“Everyone in the country should have health insurance as good as what Congress has got,” said Congressman Jim Cooper (D-TN 5th District)

By Peter White

NASHVILLE, TN — Like a touring country band, the Care Force One bus pulled into Centennial Park in Nashville October 24 and set up their PA system in front of the

“What’s at stake right now is whether or not we’re going to support hospitals across the state, whether everyone’s insurance prices are going to go up,” said State Senator Jeff Yarbro, (D-District 21)

Parthenon. The shows they put on for better healthcare always feature local talent depending upon where the bus happens to be. So far it’s been to 41 cities all over the U.S.

“Last April I walked into a doctor’s office with a nagging cough and I walked out with a stage-four cancer diagnosis,” said Laura Packard. Six months of chemotherapy and a month of radiation saved Packard’s life.

“It cost about a million dollars to keep me alive and that’s money that most of us just don’t have,” she said. Packard said that without the Affordable Care Act, aka Obamacare, she would be bankrupt or dead. She has been to 24 states on the bus and travelled 11,000 miles to hold the elected officials who tried to repeal the ACA accountable.

“And we know they will do it again. So everybody needs to pay attention and make sure you are supporting the elected officials who are supporting us,” she said.

“I’m one of the very few legislators in Tennessee who has voted on expanding Medicaid

Care Force One, the Protect Our Care tour bus pulled into Nashville’s Centennial Park October24 and held a short briefing before heading off to Richmond.

because the leadership on the other side has stopped that proposal from advancing in those chambers,” said Sen. Jeff Yarbro (D, Nashville).

When state legislators refused to expand Medicaid in 2015, they turned down $26 billion in federal funds that would have insured 381,000 Tennesseans. There are about 163,000 residents who remain ineligible for Medicaid today and who don’t qualify for subsidies in the health exchanges. This is called the coverage gap. Thirty-four states did expand Medicaid and Tennessee still could if Republicans didn’t control both houses of the state legislature. 

“The stakes could not be higher and this is the time to put politics aside. This is not about red and blue. It’s not about Republican or Democrat. It’s about peoples’ lives,” Yarbro said.

Joe Sheeran is a leading Tennessee health care advocate and he outlined the big picture. “Six months after voting to take away our healthcare, Republicans voted for a massive trillion-dollar tax cut to benefit the largest pharmaceutical companies and wealthy Americans at the expense of everyday Tennesseans. Then they put an anti-health justice on the Supreme Court who could overturn these essential protections that Tennesseans of all backgrounds depend upon,” Sheeran said.

A MSNBC poll this month found health care is the most important issue in the midterm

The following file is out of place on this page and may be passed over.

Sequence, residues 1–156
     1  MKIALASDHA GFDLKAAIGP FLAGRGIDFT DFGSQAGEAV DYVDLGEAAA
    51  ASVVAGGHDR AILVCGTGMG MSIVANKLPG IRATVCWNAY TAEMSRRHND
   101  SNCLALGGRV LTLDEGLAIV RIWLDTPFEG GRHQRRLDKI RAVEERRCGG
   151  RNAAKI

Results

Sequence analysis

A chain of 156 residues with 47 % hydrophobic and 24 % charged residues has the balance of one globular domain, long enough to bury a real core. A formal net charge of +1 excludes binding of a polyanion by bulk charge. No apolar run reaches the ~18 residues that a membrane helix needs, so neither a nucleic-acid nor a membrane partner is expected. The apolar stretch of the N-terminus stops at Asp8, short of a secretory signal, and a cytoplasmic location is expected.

“Technically, she was a pre-existing condition before she was even born,” said Kathleen Jones about her 2-year old daughter, Tiffany.

elections, ahead of jobs, gun policy, immigration, and taxes. An October 22 Rasmussen poll found 55 percent of likely voters consider health care a very important issue. And a Kaiser study, released October 22, found health care remains voters’ top issue, especially in bellwether Congressional races in Nevada and Florida. 

“Everyone needs health insurance,“ said Rep. Jim Cooper (D-TN 5th District). Cooper said you can’t get very far towards life, liberty, and the pursuit of happiness without your health. He said everyone should have health insurance as good as what Congress gets.

“Insurance companies have been discriminating against us for a long long time and we shouldn’t take it anymore,” Cooper said.

Kathleen Jones is the mother of Tiffany Jones, 2, who was born with half a heart and no pulmonary arteries. She had a heart catheter operation when she was four days old and open- heart surgery at six months. Today she is a happy animated little girl whose parents spent countless nights in the ER at the Vanderbilt Heart Clinic during the first year of her life. 

“Technically, she was a pre-existing condition before she was even born,” said Jones. The thought of Tiffany not being covered under the ACA is frightening. 

“I am here today to ask Attorney General Slatery to reconsider your position and think about the people in Tennessee. You are here for us so please reconsider hour position on repealing the Affordable Care Act,” Jones  said.

Slatery is one of 20 Attorneys General who are suing to have the ACA declared unconstitutional. See https://tntribune.com/lifestyle/health-wellness/red-states-sue-to-end-obamacare/

The “Protect Our Care” mission: stop the Republicans from repealing Obamacare. Their message: vote for candidates who will protect the coverage we’ve got now, especially health services for people with pre-existing medical conditions like diabetes. 

The next stops are Richmond, Virginia and Raleigh, North Carolina and then Atlanta on October 26. The tour will finish November 2 in West Palm, Florida.